Phishing is used by cybercriminals to obtain personal and sensitive information about their victims. To do this, criminals pretend to be reputable organizations by sending messages via text message, phone call or email. With these messages they invite their victims to click on a link to enter their personal details. 

OpenAI formally prohibits any malicious use of chatGPT. When asked directly to write malicious code or phishing emails, it refuses to do so. However, with sustained insistence and a clever turn of phrase, artificial intelligence can provide enough information to simplify a cybercriminal’s task. This manipulation can be carried out using the standard version of chatGPT, without the need for “JailBreaking“. This is a cause for concern, as chatGPT has already been used to create phishing e-mails and fraudulent web pages.

Interview with chatGPT

What does the main player think? To find out for sure, we asked chatGPT a few questions to get its “opinion” on the situation, but also to test the creation of fraudulent e-mails.

Firstly, from a legal point of view, does chatGPT follow a code of conduct and are there any regulations governing artificial intelligence?

For the moment, in Europe, there is no real law in place to regulate the use of artificial intelligences such as chatGPT. However, the European Commission has already launched a project aimed at providing a regulatory framework, and policy proposals have already been drawn up. As a result, there are as yet no official rules or bans in force in Europe. However, this is expected to change in the coming months or years.

ChatGPT is therefore not subject to a legal code of conduct, although the tool does appear to follow a moral code of conduct.

Interview with chatGPT

According to chatGPT, these are the things it is not allowed to do: engage in illegal activities, infringe intellectual property rights, provide personal or confidential information and, lastly, impersonate a person or organization.

We also asked its opinion on its ability to help someone launch a phishing attack. ChatGPT confirms that it has no moral right to do so. 

Interview with chatGPT - phishing

Finally, we also asked it if it was possible to freely obtain information on the presence of a DMARC entry in Nike’s zone file. Domain-Based Message Authentication Reporting and Conformance (DMARC) is an e-mail authentication method that allows the domain holder to define instructions for handling messages on its e-mail system. It is an effective tool against phishing. For cybercriminals, being informed of the presence of a DMARC within a company makes it easier to choose which companies to target: those that have not deployed a DMARC policy. ChatGPT was unable to provide information directly about the company’s DMARC record, but it did explain how to obtain it using the Windows command line.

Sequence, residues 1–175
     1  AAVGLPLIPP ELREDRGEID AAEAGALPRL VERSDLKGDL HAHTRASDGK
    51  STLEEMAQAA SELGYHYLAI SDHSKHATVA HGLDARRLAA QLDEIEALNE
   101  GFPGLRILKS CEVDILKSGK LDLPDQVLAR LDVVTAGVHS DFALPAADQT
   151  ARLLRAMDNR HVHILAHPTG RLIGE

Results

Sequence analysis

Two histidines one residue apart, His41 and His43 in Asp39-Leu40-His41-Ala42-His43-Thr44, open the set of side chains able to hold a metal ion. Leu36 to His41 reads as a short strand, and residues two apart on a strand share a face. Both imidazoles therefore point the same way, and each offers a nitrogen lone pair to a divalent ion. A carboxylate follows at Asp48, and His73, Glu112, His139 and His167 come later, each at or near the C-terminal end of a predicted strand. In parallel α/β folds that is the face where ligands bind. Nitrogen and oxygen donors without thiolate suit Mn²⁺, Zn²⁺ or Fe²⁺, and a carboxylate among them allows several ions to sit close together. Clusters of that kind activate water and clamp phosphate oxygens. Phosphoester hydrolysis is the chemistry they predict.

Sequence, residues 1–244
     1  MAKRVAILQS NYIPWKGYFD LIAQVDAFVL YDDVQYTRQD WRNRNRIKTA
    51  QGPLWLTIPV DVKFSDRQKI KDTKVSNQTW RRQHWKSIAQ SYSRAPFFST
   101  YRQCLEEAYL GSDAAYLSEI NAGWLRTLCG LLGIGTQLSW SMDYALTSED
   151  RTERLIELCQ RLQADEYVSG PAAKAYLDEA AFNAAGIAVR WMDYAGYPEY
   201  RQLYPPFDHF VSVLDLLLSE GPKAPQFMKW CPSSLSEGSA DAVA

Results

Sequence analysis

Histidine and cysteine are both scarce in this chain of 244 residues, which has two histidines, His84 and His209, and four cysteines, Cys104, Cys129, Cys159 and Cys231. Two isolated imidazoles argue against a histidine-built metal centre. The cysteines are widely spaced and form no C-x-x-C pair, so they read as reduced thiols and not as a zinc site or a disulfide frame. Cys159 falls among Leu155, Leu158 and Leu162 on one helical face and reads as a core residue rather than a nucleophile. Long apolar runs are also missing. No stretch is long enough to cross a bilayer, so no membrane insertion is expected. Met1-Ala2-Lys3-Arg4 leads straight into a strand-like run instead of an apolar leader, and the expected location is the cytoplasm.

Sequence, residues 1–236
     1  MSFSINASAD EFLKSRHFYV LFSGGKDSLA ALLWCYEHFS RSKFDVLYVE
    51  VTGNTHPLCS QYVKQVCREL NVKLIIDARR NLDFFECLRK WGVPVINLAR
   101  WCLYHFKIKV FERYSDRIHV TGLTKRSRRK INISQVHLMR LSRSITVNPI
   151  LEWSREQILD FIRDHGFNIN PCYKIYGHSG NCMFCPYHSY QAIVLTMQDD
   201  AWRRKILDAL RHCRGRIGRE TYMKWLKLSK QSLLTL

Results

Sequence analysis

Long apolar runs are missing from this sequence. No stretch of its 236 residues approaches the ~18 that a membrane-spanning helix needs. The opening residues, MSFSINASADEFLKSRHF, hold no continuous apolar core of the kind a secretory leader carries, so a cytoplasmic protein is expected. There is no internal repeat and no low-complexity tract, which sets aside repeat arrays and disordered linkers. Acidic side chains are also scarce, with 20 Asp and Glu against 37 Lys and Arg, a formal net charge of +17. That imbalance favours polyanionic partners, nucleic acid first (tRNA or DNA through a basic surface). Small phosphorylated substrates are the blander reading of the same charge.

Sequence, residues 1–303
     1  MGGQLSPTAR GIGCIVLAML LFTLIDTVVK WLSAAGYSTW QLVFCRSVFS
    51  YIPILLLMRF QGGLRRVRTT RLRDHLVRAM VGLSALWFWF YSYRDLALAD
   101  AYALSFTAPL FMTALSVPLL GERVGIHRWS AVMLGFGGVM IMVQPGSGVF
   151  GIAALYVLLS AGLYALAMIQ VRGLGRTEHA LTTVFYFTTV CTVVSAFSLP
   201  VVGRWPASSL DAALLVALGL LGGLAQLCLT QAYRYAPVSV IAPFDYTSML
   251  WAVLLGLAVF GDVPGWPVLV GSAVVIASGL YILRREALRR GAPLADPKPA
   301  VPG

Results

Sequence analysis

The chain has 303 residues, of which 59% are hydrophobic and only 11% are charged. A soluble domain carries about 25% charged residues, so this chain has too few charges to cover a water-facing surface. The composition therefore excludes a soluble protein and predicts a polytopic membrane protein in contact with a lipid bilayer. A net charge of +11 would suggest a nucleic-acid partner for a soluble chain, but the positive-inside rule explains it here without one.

Interview with chatGPT - DMARC

We also tried to test chatGPT to obtain a phishing e-mail. After a few questions, we were soon able to ask him the right questions. Finally, he was able to write us a convincing e-mail, posing as a bank. 

Interview with chatGPT - phishing email

It then provides us with this message, a perfect phishing trap, because it contains all the codes of a classic e-mail from a bank asking the recipient to provide their personal details. The message is written in proper English, with no spelling mistakes; it invites the recipient to act quickly, in a panic and without thinking. After obtaining this information, if the cybercriminal is not happy with any of the details, he can ask chatGPT to change them.

What can we expect from the future?

Will it be possible to block or slow down the development of AI? Following the release of chatGPT, a number of influential figures in the field of technology, such as Elon Musk and Apple co-founder Steve Wozniak, expressed their concerns by signing petitions and participating in open letters aimed at suspending the research and release of an AI more advanced than chatGPT. This reflects the concern of the European Commission and citizens about technological advances.